There is a distinct difference between the American Muslim and perhaps the Muslim who lives in somewhere like Yemen or Saudi Arabia. While some of this has to do with religion, I think the think we often overlook is the influence of culture. Western culture is overwhelmingly Christian. If you really want to compare the holy books of Christians and Muslims, you’re going to get a lot of similarities. They come from the same basic region and over the span of history, aren’t really separated by much time. They each reflect popular culture of ancient times, along with punishments for breaking social norms. You can find that stoning someone to death is okay according to both the Qu’ran and the Bible. But we don’t stone people in the west. We have disregarded that ideology while clinging to the more positive core beliefs of our religions. Of course, I’m mostly talking about Christianity. But if you look closely, you’ll find this also in most Muslim Americans. I especially see it among my students who were born here. A lot of the girls aren’t even required to wear the hijab (head scarf) by their parents and are allowed to go to school where they congregate with boys. Their parents know that this is the cultural standard here. In this, American culture has shaped the practice of their religion without diluting the positive aspects of it. I’ve never had a student have to step out of class to pray in the middle of the day. They do it when they get home. Again, our culture shapes the way they practice. We have to understand that the Middle East is different. They have had very limited exposure to western culture before a few decades ago, and it’s largely limited even today. Slowly, western standards have seeped in, and this is part of why groups like al-Qaeda have a problem with Westerners. But even within the Middle East, you’ll find different cultural standards that regard women, marriage, etc., depending on what country or what region you visit. The fact that Jordanian women have far more freedoms than Saudi women tells me that this isn’t so much about Islam as it is about cultural standards.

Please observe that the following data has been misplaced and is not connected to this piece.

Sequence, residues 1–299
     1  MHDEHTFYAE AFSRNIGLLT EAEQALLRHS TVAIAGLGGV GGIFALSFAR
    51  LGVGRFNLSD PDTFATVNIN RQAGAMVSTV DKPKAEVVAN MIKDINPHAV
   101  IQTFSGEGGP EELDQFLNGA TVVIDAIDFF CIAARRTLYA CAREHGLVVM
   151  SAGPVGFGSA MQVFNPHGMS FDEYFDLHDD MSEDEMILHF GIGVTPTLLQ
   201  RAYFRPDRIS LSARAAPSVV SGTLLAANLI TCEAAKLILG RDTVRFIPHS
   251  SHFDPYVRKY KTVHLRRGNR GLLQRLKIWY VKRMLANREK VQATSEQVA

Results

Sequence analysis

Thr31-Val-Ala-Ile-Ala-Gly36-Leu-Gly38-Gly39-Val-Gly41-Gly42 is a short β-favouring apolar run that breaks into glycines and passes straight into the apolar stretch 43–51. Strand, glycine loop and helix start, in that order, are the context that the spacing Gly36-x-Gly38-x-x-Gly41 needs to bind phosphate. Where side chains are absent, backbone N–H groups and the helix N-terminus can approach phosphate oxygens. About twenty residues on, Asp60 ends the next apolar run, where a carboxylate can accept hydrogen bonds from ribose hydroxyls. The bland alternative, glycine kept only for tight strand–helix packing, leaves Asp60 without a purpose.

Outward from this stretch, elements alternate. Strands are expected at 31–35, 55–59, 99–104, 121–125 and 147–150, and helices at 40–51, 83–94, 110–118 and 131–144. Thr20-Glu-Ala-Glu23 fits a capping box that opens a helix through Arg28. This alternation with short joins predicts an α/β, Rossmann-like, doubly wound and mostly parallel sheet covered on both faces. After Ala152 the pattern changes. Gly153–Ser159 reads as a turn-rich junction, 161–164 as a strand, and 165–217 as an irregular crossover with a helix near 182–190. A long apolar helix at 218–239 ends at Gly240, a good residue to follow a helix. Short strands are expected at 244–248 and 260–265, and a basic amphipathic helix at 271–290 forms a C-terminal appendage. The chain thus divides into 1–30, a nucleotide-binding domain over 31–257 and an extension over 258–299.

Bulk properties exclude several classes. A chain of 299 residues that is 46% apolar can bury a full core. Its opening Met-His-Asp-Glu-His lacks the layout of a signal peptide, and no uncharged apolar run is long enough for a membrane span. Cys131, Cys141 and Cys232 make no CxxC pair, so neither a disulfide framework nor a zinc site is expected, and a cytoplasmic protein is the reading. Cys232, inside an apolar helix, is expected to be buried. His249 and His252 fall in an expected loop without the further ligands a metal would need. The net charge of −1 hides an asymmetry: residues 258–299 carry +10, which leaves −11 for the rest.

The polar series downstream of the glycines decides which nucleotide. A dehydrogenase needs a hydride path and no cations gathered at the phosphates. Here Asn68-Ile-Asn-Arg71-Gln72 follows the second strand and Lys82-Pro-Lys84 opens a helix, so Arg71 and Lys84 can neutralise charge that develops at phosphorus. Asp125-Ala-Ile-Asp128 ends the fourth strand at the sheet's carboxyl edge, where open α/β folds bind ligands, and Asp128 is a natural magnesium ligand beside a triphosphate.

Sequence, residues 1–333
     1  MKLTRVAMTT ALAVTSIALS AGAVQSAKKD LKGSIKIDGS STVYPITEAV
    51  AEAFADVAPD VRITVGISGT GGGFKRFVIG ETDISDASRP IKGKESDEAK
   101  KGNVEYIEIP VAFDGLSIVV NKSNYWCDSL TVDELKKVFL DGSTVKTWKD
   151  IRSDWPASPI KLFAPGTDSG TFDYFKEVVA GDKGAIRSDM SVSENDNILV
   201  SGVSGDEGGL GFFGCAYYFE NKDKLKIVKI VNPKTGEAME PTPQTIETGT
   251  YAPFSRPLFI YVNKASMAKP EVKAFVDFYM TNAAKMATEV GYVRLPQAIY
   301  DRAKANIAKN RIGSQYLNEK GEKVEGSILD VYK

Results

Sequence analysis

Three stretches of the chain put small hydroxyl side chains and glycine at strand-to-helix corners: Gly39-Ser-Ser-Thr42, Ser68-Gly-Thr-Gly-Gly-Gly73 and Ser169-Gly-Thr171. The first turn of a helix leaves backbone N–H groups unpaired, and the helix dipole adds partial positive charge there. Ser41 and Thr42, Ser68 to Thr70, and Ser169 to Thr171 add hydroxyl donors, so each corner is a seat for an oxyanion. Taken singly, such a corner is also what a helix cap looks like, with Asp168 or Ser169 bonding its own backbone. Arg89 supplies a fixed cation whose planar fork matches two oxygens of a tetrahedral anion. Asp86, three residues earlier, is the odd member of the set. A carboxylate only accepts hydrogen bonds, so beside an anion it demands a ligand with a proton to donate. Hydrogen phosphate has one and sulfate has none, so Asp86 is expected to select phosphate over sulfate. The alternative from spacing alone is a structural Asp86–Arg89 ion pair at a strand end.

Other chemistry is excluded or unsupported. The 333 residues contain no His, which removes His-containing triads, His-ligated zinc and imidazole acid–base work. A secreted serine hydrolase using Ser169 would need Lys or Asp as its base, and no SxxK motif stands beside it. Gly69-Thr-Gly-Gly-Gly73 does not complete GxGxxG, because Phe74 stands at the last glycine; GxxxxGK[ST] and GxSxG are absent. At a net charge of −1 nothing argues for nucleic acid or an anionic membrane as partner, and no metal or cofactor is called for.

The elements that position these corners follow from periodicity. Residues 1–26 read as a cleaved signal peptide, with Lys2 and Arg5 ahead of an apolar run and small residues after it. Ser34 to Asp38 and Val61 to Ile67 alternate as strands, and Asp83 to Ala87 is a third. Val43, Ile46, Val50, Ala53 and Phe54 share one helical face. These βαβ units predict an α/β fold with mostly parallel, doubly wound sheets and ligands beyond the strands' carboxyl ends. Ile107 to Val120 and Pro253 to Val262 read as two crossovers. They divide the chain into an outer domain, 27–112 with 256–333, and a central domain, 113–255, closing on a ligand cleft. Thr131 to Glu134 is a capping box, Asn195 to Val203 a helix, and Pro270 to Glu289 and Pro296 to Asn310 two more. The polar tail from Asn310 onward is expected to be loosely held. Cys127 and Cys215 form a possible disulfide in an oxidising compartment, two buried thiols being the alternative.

You see, every religion in the world has, at some point in time, been used to control others. Slavery in the southern US was a cultural and economic standard. Yet, to justify the obvious evil in owning another human being, many southern Christians turned to the Bible. They twisted and contorted what the scripture actually said to fit their needs, justify their actions, and keep their slaves subservient. Spanish Catholics during the Renaissance were intolerant of Jews. The justification for torturing or expelling them was religion. Medieval Christians wanted to regain control over the Palestine. Religion became the excuse and catalyst to attack in that region. People go to war to control a territory and its resources. They go to war for selfish reasons. They just need an excuse.